Everyone has a responsibility for safeguarding children and young people, but with children spending such a large part of their lives in schools, education professionals take on an extra duty of care.
Teachers are in a good position to be able to spot when things might be going wrong for the children in their care. Triggers such as a change in behaviour or attendance, medical or dietary issues, misuse of IT and unkempt appearance could all be early indicators for concern.
Back in July 2015, changes came into effect to the Ofsted framework around an increased emphasis on safeguarding children and young people. This means schools and academies are required to clearly evidence the impact of their safeguarding and welfare responses for individual pupils and at risk groups. In December 2015 the DfE also produced guidance for schools on dealing with pupils with medical conditions.
Schools need to be aware of the guidance in place and to embrace a culture of safeguarding among all staff at your school. With the right tools in place, schools can quickly identify any safeguarding issues and make the appropriate interventions.
Communicate with parents
A report from the Children’s Commissioner revealed some useful safeguarding practices that schools were implementing, as well as advice on best practice. The report highlighted the importance of schools being more proactive in engaging with parents.
Some schools recognised particular times of stress for families and sought to address these before issues arose. For example, one school had offered parents a support group during their child’s transition from Year 6 to Year 7. By building that relationship and having parents who are confident and comfortable with talking to schools, schools can make interventions earlier and work together with parents to improve pupil outcomes.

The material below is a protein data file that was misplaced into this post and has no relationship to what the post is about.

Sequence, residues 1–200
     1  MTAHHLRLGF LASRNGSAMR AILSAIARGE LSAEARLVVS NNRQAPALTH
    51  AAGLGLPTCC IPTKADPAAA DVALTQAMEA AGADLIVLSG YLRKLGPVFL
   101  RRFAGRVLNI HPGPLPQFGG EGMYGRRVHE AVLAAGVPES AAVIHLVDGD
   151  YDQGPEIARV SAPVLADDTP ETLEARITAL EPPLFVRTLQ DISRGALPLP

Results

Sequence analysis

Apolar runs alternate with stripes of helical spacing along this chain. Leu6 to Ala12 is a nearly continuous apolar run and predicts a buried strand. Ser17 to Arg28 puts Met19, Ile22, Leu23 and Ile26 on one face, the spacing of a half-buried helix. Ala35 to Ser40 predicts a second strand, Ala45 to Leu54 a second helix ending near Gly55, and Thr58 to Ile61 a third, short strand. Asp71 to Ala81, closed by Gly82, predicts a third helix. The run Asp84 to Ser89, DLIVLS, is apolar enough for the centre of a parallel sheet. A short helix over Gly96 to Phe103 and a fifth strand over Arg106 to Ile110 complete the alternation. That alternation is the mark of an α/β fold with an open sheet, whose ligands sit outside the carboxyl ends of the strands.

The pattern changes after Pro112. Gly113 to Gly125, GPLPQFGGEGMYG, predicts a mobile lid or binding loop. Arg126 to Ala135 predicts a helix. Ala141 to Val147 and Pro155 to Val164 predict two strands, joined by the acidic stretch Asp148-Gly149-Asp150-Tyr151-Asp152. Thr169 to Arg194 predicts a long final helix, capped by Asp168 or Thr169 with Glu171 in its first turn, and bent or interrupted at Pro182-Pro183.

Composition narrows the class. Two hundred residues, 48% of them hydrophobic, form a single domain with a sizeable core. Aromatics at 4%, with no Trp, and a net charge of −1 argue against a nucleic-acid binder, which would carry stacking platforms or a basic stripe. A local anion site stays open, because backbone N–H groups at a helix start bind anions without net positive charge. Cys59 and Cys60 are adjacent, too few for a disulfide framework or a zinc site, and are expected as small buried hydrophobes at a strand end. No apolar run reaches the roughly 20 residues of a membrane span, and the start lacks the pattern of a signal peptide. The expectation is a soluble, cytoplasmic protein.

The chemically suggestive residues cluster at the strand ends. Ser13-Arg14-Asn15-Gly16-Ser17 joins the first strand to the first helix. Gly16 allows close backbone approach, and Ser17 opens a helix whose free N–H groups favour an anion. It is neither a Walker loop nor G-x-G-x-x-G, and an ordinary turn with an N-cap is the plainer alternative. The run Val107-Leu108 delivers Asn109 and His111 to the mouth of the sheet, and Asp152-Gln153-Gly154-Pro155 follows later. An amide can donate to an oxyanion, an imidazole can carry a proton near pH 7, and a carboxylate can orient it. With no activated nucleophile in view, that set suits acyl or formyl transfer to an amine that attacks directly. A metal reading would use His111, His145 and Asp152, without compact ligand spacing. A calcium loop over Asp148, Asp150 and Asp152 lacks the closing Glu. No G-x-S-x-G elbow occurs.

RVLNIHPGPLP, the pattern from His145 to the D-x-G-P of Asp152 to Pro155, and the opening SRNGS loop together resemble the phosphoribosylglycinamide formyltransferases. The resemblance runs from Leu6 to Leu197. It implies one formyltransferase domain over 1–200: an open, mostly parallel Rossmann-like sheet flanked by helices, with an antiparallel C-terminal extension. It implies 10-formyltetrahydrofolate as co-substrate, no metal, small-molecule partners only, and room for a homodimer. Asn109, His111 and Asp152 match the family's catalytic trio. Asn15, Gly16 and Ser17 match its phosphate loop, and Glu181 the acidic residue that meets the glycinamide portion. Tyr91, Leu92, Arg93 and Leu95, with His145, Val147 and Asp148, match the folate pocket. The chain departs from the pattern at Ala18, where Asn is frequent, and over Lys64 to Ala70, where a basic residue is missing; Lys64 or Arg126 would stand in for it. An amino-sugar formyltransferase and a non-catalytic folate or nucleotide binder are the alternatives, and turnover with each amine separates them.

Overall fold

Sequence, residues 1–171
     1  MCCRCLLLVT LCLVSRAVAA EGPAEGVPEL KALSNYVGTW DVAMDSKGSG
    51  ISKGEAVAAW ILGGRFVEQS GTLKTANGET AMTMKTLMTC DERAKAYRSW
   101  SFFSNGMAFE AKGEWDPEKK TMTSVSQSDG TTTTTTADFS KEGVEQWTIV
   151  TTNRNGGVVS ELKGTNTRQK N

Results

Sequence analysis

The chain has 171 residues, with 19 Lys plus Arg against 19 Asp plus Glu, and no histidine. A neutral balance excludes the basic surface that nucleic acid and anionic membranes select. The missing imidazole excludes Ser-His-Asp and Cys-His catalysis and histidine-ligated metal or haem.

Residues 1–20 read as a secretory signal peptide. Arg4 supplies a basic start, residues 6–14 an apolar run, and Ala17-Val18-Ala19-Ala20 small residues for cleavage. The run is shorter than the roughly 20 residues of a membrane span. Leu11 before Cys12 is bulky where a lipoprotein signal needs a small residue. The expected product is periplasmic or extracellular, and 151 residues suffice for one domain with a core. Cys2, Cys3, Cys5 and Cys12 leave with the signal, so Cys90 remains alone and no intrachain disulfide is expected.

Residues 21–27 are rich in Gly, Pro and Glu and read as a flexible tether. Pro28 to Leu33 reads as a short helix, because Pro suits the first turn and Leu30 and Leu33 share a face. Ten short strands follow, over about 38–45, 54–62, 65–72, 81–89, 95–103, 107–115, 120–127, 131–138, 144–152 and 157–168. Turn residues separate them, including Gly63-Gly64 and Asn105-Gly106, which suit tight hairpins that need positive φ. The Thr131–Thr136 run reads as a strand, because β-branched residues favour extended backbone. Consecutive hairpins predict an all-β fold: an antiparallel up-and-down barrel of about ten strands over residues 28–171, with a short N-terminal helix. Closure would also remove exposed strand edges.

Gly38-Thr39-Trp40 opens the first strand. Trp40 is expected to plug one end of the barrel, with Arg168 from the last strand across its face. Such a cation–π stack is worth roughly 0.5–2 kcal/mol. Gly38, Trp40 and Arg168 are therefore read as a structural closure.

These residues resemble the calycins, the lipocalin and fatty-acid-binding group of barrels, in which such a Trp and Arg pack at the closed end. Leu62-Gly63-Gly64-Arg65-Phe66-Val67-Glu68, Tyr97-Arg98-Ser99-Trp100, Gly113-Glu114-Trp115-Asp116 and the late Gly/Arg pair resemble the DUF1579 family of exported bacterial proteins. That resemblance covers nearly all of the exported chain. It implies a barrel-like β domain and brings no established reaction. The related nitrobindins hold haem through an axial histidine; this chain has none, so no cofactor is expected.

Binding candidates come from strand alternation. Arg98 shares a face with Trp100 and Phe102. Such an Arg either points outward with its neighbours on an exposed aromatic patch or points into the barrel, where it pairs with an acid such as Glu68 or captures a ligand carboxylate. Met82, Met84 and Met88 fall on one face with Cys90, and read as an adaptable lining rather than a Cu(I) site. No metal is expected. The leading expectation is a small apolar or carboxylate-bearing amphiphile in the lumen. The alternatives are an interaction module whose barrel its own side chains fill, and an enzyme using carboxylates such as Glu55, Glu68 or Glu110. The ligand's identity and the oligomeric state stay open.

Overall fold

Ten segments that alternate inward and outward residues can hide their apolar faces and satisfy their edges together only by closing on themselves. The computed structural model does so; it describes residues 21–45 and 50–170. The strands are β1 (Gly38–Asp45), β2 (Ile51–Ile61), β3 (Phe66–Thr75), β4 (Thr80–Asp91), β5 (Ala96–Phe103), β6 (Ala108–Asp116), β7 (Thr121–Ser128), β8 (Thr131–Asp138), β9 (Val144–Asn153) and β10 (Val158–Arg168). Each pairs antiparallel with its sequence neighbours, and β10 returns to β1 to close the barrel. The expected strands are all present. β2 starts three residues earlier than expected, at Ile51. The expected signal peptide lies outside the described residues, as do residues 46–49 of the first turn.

It’s just as important to be communicating with parents to give them the peace of mind that their children are safe, and notifying them if there are any issues or concerns. For example, SIMS InTouch allows schools to immediately send parents a message if their child hasn’t arrived at school while SIMS Learning Gateway (SLG) gives parents the ability to go online and check that their child has arrived safely. Schools can also choose to share other information with parents using SLG, including assessment marks, behaviour and reports. Some schools record attendance at parents’ evenings and follow up with those who are unable to attend to keep lines of communication open.
Monitor vulnerable pupils
Another key safeguarding issue for schools is recording and monitoring anti-bullying incidents to meet Ofsted’s requirements. With over 16,000 children absent from school at any one time as a result of bullying, it’s important that schools create an environment that is a safe place for children.
Schools need the right tools in place to identify any concerns and SIMS can provide the tools to help you manage and reduce bullying in your school. With SIMS Discover, you can monitor vulnerable pupils and combat persistent absenteeism by analysing student data, which help you to spot when things might be going wrong for pupils and if needed, put early interventions in place.
Extra-curricular activities are a great way to enthuse pupils and an opportunity for them to take part in something that they are passionate about, whether it’s a music lesson, sports match or homework club. But as schools run more and more extra-curricular activities, they face additional safeguarding pressures. There is also the further pressure on schools to manage the attendance of pupils to ensure their safety and to inform parents if necessary. Often schools aren’t set up to be able to take the register for their extra-curricular activities. If a parent were to call your school asking where their child was at that point in time, would you be able to tell them?
Our new product, SIMS Activities, launched at Bett 2016, helps schools to manage their extra-curricular activities and strengthen their safeguarding arrangements in the process. With electronic registration, staff will have a greater visibility of where pupils are, helping to manage attendance and provide instant reporting to parents to improve safeguarding.
The tools for effective safeguarding practices
With the right tools in place, schools can quickly identify patterns or changes in their pupils’ attendance, achievement or behaviour that could indicate a problem needs addressing. By being able to clearly evidence and assess the impact of your intervention strategy, schools can help keep pupils safe and provide a positive learning environment.